Al Gordon subs for Gene Day on inks, but there’s no interruption in the quality of the artwork.  Clever moment on p 15 (last pnl) as an arrow from Zaran connects with his stuffed moose head; if we look closely, we notice a glass eye is missing – there’s no caption to tip us off to the tape’s hiding place.  Beyond that simple detail, MoKF #78 features one of the finest fight sequences we’ve seen in some time (p 14–23) – a cinematic series of panels hearkening back to Gulacy, as S-C channels his caring for Leiko into an impassioned attack against the latest force to threaten her.  In the old days, S-C would reflect on how an enemy’s emotions would betray him, and cause mistakes S-C would avoid thru his disciplined self-control.  So, this is a different S-C who stares Zaran in the eye and states “… it makes no difference that you failed to murder Leiko"; and continues as we go to a close-up of his hatred-fueled eyes, “We will fight now … as if you had succeeded.”  Whoa -!  

Mark Barsotti: Moench and Zeck deliver an adrenalized thriller, as Shang seeks revenge against weapons expert/part-time-dungeon master Zaran for Leiko's near-fatal car crash, last ish. Tracking Z to a lakefront cabin, S-C delivers a brutal beatdown, but then allows Zaran to escape, a decision based more on plot considerations than logic (S-C interior monologues that he has to search the cabin for Shockwave's missing confession tape, but he could have just as easily searched after trussing up Z).

Earlier, Shang had delivered the unconscious Leiko to a local Scottish pub (reversing the normal sequencing of pubs & unconsciousness). A local sawbones diagnosed her with a concussion, but that doesn't stop the sexy super spy from commandeering a car and racing to the lake to meet Shang and get on with their mission (no concussion protocol in '79).

Said mission is rescuing Sir Denis and company, still captive by yarn's end, although their captors have been swapped out, with Zaran showing up (thus the need for his earlier escape) to skewer MI-6's Sarsfield because "...plans have been changed." Do the new ones involve the mystery figure, glimpsed materializing behind a pulpit on a church balcony, somewhere in South America? Doug has telegraphed like Samuel Morse that said figure is Father Fu, unless, of course, Moench's running a world-class fake-out.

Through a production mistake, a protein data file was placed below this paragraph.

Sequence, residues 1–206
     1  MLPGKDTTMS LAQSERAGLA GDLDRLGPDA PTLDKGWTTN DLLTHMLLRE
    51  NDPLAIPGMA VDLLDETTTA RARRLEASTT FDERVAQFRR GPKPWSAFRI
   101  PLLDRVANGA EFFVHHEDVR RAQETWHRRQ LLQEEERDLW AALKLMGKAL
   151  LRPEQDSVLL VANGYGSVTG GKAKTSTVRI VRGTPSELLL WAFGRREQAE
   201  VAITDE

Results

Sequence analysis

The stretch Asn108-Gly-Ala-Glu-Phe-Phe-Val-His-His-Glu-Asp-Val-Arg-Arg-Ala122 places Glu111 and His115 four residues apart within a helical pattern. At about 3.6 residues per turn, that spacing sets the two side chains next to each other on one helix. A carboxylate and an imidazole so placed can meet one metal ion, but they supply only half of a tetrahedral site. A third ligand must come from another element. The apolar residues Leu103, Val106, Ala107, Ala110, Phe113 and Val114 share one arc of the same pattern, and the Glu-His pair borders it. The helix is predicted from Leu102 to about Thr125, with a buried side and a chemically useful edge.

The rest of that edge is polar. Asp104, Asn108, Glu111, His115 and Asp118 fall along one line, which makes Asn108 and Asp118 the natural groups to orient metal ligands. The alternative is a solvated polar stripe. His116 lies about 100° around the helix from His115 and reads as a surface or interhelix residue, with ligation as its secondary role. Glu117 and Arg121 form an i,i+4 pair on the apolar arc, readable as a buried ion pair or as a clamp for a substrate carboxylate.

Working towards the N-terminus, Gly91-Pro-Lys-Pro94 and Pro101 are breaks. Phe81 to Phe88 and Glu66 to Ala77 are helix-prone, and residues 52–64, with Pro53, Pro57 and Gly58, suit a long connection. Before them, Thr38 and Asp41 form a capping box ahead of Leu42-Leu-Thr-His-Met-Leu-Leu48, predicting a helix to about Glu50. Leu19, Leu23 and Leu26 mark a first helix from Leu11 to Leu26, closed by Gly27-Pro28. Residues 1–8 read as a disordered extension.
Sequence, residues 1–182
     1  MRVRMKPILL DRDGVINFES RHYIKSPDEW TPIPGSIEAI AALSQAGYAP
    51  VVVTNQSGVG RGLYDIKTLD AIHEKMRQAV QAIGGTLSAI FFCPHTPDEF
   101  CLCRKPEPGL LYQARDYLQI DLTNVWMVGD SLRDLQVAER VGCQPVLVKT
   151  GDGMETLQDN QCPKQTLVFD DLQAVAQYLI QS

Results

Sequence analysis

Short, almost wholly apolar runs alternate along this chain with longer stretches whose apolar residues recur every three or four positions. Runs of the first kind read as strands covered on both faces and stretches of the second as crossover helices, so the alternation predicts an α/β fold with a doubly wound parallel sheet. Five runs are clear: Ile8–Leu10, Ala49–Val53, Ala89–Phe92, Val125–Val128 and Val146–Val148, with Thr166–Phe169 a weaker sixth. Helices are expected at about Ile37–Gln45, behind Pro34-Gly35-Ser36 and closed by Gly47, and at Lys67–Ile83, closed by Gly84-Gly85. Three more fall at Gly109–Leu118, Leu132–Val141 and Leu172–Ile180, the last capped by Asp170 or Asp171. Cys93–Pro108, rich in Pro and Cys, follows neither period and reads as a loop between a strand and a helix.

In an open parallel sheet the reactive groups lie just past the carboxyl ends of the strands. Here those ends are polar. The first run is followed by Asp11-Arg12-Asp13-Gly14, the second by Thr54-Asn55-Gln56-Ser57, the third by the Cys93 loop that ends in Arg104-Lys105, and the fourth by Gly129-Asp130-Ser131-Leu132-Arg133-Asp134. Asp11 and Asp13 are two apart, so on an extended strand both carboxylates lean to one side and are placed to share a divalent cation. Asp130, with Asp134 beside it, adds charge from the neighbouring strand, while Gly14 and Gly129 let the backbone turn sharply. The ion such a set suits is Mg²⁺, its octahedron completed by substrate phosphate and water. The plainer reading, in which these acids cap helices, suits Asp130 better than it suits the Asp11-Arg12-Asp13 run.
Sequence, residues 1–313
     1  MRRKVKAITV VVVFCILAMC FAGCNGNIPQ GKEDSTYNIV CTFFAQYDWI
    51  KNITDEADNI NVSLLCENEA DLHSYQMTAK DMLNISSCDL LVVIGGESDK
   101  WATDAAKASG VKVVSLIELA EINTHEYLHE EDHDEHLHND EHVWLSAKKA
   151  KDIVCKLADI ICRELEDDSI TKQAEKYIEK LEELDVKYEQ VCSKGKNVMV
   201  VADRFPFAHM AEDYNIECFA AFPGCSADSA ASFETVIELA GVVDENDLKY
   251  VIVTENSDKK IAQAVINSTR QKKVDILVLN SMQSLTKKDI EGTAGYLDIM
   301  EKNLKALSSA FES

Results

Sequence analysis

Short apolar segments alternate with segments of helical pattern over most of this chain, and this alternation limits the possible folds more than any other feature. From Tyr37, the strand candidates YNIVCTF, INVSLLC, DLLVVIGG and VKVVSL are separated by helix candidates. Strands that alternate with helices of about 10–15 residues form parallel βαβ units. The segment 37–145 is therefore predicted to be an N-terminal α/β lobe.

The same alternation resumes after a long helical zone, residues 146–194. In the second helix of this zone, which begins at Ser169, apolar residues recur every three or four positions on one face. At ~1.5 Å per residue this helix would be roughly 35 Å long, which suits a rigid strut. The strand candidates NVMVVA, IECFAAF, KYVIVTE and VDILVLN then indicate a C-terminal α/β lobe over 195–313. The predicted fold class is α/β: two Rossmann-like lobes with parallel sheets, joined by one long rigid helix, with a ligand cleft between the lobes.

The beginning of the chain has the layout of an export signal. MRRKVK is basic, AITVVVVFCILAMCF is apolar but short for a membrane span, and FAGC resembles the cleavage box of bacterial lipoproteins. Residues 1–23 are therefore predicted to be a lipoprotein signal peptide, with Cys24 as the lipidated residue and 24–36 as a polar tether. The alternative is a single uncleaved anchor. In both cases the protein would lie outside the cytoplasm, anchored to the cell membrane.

Guest inker Al Gordon's bolder lines give Mike Zeck's art a moodier, more dramatic feel than Gene Day's lighter, feathery touch. If the results aren't quite a visual feast, they're certainly a hearty three-course meal, and I hope we see Gordon's work again.

MOKF may be a "niche" book, but its remains one of a painfully small handful of Marvel's '79 titles that delivers quality on a consistent basis.

 Spider-Woman 16
"All You Need Is Hate"
Story by Mark Gruenwald
Art by Carmine Infantino and Dan Green
Colors by Ben Sean
Letters by John Costanza
Cover by Bill Sienkiewicz and Joe Rubinstein

 Jessica arrives at work an hour late; she had overslept after her long night’s journey with the Shroud against the Kali cultists.  As she walks in, Dr Leaman puts Jessica’s concerns to rest, as he introduces her to a professor of physiology, Dr Morgan Sachs of Stanford, who intends to run tests to determine why Jessica’s presence tends to produce an aversive reaction in some people.  At the conclusion, he explains that Jessica’s pheromones are unusually potent, but (not unexpectedly) they produce different effects: men tend to detect messages of alarm and allure from her, while women are disconcerted by the alarm signal.  Dr Sachs believes the proper medication will “inhibit [her] body’s pheromone production,” and allow her to interact more comfortably with others.   Jessica meets again with Dr Leaman, who invites her to a gathering of the Institute’s employees at Ms Hatros’ home.  Jessica is excited to arrive at the house, as she’s never met her employer.  She finds the front door unlocked, but no one inside, or in the backyard.